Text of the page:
OLR Research Report

February 7, 2008




By: Soncia Coleman, Associate Legislative Analyst

You asked for information on the Michigan Promise Zones legislation.


The Kalamazoo Promise is scholarship program that provides Kalamazoo Public School (KPS) graduates with the opportunity to attend a Michigan public post-secondary institution with up to a 100% scholarship (on a sliding scale based on years of KPS attendance). It is a 501 (c)(3) non-profit corporation funded entirely by a small group of anonymous donors (see OLR report 2007-R-0527). During her 2007 State of the State address, Michigan Governor Jennifer Granholm introduced the idea of implementing a similar program statewide and legislation was subsequently introduced in the House and Senate.

The House bill, HB 5375, was introduced on October 25, 2007 by Representative Tim Melton, House Education Committee Chair. The bill would allow the Michigan Department of Treasury to approve a request by the governing bodies of high poverty communities (i.e., those with a higher percentage of poor students than the state average) to establish and manage Promise Zones. If approved, the governing bodies would create a Promise Zone Authority to produce “Promise Zone Development Plans” that would ensure financial assistance for postsecondary education to public and private high school graduates who live and go to school within the zone. The authorities could structure the program as they see fit, so the scholarships could be restricted based on grade point average or years of residence in the zone.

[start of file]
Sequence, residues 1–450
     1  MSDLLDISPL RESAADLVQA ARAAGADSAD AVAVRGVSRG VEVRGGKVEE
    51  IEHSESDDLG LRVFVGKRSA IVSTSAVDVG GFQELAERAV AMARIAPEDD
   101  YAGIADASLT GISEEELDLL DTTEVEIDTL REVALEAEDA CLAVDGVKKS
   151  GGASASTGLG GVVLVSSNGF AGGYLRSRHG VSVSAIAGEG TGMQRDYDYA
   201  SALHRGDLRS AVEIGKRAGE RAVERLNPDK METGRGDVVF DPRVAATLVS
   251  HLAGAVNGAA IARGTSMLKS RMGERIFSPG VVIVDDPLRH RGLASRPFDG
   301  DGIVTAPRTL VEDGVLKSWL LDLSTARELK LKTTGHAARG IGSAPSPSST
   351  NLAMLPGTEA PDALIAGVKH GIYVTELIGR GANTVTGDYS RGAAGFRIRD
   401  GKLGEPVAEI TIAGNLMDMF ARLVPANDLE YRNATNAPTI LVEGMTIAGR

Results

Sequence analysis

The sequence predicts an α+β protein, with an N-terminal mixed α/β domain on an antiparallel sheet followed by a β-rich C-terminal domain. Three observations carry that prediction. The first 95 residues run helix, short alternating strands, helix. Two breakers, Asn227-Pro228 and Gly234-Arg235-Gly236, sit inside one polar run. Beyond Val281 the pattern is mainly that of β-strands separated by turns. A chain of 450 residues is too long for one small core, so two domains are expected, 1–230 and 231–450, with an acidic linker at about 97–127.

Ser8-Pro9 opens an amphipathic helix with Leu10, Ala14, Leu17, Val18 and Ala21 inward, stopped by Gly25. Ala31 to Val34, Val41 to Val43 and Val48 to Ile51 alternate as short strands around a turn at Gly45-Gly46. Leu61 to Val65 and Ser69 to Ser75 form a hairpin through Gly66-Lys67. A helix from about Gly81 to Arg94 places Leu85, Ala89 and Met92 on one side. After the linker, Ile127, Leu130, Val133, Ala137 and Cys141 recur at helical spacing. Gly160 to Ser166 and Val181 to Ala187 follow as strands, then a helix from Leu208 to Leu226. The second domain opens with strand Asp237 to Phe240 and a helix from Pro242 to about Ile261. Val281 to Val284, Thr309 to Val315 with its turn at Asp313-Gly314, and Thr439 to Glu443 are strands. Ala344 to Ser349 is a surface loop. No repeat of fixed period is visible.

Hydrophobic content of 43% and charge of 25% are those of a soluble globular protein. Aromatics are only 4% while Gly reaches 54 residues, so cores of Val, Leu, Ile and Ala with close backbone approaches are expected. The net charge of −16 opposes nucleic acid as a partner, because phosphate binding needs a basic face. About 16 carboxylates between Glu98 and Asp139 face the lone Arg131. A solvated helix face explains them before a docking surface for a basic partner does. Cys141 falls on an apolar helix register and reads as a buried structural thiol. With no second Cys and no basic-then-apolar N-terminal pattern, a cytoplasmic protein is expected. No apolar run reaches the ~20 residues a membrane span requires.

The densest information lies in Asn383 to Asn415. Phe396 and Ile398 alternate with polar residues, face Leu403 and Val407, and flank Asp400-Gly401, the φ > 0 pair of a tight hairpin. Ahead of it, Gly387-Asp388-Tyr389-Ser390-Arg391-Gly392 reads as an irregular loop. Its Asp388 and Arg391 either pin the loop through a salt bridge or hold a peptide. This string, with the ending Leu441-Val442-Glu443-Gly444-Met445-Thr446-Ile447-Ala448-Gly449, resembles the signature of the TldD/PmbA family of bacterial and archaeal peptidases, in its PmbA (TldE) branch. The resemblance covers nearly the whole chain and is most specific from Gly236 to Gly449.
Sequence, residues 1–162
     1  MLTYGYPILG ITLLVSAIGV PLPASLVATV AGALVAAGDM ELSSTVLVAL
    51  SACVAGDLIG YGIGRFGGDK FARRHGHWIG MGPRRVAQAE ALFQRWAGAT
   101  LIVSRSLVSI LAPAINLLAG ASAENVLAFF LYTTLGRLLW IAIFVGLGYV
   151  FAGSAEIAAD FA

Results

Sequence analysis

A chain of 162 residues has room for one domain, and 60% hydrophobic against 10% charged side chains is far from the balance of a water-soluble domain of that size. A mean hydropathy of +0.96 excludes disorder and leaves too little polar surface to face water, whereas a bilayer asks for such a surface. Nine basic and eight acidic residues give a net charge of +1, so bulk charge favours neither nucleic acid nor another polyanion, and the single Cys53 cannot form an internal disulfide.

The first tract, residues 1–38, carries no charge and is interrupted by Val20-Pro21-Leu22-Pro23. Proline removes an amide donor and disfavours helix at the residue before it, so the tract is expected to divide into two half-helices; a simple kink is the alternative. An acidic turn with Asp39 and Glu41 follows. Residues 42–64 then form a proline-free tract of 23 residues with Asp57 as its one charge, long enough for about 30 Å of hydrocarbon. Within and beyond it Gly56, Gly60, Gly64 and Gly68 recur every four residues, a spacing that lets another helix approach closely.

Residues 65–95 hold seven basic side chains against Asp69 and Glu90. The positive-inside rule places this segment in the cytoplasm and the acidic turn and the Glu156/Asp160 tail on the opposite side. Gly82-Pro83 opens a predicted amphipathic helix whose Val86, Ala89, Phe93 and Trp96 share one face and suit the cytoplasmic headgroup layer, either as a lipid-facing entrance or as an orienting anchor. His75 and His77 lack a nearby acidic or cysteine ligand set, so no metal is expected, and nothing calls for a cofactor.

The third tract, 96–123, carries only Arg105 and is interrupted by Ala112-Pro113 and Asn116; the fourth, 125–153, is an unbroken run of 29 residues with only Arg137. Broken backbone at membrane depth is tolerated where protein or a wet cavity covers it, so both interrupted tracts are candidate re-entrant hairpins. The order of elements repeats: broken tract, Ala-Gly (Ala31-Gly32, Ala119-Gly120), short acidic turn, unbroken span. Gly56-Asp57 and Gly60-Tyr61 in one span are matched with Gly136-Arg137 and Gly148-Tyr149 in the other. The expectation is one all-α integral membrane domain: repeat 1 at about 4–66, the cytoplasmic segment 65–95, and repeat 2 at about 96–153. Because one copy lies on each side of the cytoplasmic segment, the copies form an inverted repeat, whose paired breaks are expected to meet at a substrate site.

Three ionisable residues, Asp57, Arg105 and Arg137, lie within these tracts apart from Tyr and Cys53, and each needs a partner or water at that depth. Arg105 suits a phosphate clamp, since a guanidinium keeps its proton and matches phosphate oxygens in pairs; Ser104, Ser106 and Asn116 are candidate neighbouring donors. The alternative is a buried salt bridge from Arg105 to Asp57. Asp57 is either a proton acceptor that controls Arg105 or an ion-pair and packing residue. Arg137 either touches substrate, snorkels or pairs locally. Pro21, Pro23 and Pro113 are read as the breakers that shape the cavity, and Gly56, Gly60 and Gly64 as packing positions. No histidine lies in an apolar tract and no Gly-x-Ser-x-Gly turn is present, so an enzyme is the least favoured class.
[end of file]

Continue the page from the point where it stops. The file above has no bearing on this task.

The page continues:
During the first two years of the program, the Promise Zones would have to raise funds through private donations. Subsequently, they would also be eligible to receive public funds through an arrangement similar to tax increment financing that is sometimes used for development. Currently, 6 mills are levied on all property for the State Education Tax (SET). Under the bill, there would be a capture of a percentage of the increase in the SET revenues to continue the program. The idea is that the Promise Zones would create economic development. When property values increase, the SET revenue would rise and the Promise Zones would receive half of the increase in revenue. The Michigan Department of Treasury would oversee the program.

According to the Michigan House Fiscal Agency's legislative analysis of the bill, opponents of the bill expressed concern with the high level of community fundraising necessary to sustain the program indefinitely. The House passed the bill on December 13, 2007, by a vote of 71 to 34. The House referred the bill to the Senate on January 9, 2008. The Senate has not acted on the bill. The bill and accompanying detailed legislative analysis are attached for your use.

A version of the bill was also introduced in the Senate. In a November 30, 2007 Grand Rapids Press article, it was noted that Senate Education Committee chair Wayne Kuipers had not decided whether he would move it forward.